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Journal article

Secondary aerosol formation from photochemical aging of aircraft exhaust in a smog chamber

Miracolo M, Hennigan C, Ranjan M, Nguyen N, Gordon T, Lipsky E, Presto A, Donahue N, Robinson A ...see all

Atmospheric Chemistry and Physics, vol. 11, issue 9 (2011) pp. 4135-4147

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Abstract

Field experiments were performed to investigate the effects of
photo-oxidation on fine particle emissions from an in-use CFM56-2B gas
turbine engine mounted on a KC-135 Stratotanker airframe. Emissions were
sampled into a portable smog chamber from a rake inlet installed
one-meter downstream of the engine exit plane of a parked and chocked
aircraft. The chamber was then exposed to sunlight and/or UV lights to
initiate photo-oxidation. Separate tests were performed at different
engine loads (4, 7, 30, 85%). Photo-oxidation created substantial
secondary particulate matter (PM), greatly exceeding the direct PM
emissions at each engine load after an hour or less of aging at typical
summertime conditions. After several hours of photo-oxidation, the ratio
of secondary-to-primary PM mass was on average 35 +/- 4.1, 17 +/- 2.5,
60 +/- 2.2, and 2.7 +/- 1.1 for the 4, 7, 30, and 85% load experiments,
respectively. The composition of secondary PM formed strongly depended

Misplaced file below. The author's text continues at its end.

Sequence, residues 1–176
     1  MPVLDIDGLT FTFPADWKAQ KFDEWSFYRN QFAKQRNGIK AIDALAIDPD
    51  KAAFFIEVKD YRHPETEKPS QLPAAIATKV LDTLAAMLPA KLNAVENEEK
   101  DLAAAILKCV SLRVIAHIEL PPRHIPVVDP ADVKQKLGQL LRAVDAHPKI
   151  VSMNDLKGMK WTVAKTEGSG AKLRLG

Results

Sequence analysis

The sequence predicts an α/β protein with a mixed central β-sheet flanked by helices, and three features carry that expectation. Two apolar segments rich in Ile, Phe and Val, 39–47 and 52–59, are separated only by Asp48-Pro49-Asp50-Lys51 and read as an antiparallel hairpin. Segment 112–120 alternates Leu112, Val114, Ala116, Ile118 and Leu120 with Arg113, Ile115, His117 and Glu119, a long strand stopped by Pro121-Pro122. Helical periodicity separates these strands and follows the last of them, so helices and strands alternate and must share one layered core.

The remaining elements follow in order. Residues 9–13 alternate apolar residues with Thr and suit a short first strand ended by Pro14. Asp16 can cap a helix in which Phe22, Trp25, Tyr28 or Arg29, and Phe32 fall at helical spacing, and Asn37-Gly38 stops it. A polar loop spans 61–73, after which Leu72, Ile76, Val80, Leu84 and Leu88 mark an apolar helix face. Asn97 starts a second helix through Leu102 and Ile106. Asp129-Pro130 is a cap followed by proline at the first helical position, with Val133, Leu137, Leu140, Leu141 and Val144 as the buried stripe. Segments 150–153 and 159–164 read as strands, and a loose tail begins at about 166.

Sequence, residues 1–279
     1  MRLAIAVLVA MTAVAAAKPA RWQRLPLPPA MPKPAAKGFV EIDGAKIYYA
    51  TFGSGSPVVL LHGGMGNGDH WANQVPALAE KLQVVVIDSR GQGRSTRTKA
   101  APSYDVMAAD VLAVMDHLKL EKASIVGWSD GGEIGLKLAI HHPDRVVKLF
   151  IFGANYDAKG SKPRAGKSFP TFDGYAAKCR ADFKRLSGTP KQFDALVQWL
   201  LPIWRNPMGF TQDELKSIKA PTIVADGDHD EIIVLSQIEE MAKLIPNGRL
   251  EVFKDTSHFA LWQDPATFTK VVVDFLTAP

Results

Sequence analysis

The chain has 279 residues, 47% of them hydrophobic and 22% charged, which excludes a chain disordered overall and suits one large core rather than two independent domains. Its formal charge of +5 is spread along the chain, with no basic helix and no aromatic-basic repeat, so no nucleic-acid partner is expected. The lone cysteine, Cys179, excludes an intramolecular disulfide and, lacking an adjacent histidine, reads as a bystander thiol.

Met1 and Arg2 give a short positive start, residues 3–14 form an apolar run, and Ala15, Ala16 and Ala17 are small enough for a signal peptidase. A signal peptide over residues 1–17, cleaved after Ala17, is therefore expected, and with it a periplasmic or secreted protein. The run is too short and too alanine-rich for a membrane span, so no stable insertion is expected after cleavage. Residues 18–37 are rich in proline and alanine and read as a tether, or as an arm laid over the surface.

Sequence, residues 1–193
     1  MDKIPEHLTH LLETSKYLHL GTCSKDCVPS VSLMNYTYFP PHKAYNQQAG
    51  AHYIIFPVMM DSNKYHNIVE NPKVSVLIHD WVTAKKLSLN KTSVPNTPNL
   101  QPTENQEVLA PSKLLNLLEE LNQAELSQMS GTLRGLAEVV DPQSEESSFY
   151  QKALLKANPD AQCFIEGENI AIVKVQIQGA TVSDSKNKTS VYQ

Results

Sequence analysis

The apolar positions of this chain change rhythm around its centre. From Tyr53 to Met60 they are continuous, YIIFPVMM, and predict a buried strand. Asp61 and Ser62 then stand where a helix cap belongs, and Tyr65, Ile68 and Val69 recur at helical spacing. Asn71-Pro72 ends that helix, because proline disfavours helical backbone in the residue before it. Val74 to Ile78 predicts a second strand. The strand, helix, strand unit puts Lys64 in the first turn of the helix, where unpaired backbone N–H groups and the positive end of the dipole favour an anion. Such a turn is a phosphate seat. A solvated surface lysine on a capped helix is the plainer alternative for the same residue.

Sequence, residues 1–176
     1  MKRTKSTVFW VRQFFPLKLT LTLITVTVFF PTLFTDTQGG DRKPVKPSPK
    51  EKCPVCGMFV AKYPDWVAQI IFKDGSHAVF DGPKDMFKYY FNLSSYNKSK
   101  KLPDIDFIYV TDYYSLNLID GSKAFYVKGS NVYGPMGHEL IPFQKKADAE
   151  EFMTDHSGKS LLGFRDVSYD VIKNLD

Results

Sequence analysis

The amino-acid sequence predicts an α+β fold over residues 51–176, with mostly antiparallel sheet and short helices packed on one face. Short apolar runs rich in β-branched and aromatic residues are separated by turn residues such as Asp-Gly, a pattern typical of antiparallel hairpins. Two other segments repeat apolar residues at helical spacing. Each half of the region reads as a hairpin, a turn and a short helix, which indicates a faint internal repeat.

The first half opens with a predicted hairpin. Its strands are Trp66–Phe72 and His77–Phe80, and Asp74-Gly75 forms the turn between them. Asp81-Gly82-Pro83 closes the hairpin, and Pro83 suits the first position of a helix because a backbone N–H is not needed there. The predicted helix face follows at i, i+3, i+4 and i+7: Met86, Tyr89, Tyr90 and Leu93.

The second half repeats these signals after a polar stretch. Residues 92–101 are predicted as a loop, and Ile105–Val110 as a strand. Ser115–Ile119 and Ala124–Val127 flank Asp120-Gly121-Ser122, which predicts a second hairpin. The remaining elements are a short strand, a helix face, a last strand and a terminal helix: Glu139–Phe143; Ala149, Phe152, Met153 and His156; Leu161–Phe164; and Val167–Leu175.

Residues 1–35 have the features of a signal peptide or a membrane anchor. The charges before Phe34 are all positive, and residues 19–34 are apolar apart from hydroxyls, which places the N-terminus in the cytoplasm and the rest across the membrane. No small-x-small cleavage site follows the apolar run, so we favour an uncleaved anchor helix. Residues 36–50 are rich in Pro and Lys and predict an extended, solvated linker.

on load. At 4% load, secondary PM was dominated by secondary organic
aerosol (SOA). At higher loads, the secondary PM was mainly secondary
sulfate. A traditional SOA model that accounts for SOA formation from
single-ring aromatics and other volatile organic compounds underpredicts
the measured SOA formation by similar to 60% at 4% load and similar to
40% at 85% load. Large amounts of lower-volatility organic vapors were
measured in the exhaust; they represent a significant pool of SOA
precursors that are not included in traditional SOA models. These
results underscore the importance of accounting for atmospheric
processing when assessing the influence of aircraft emissions on ambient
PM levels. Models that do not account for this processing will likely
underpredict the contribution of aircraft emissions to local and
regional air pollution.

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Authors

  • M. A. Miracolo

  • C. J. Hennigan

  • M. Ranjan

  • N. T. Nguyen

  • T. D. Gordon

  • E. M. Lipsky

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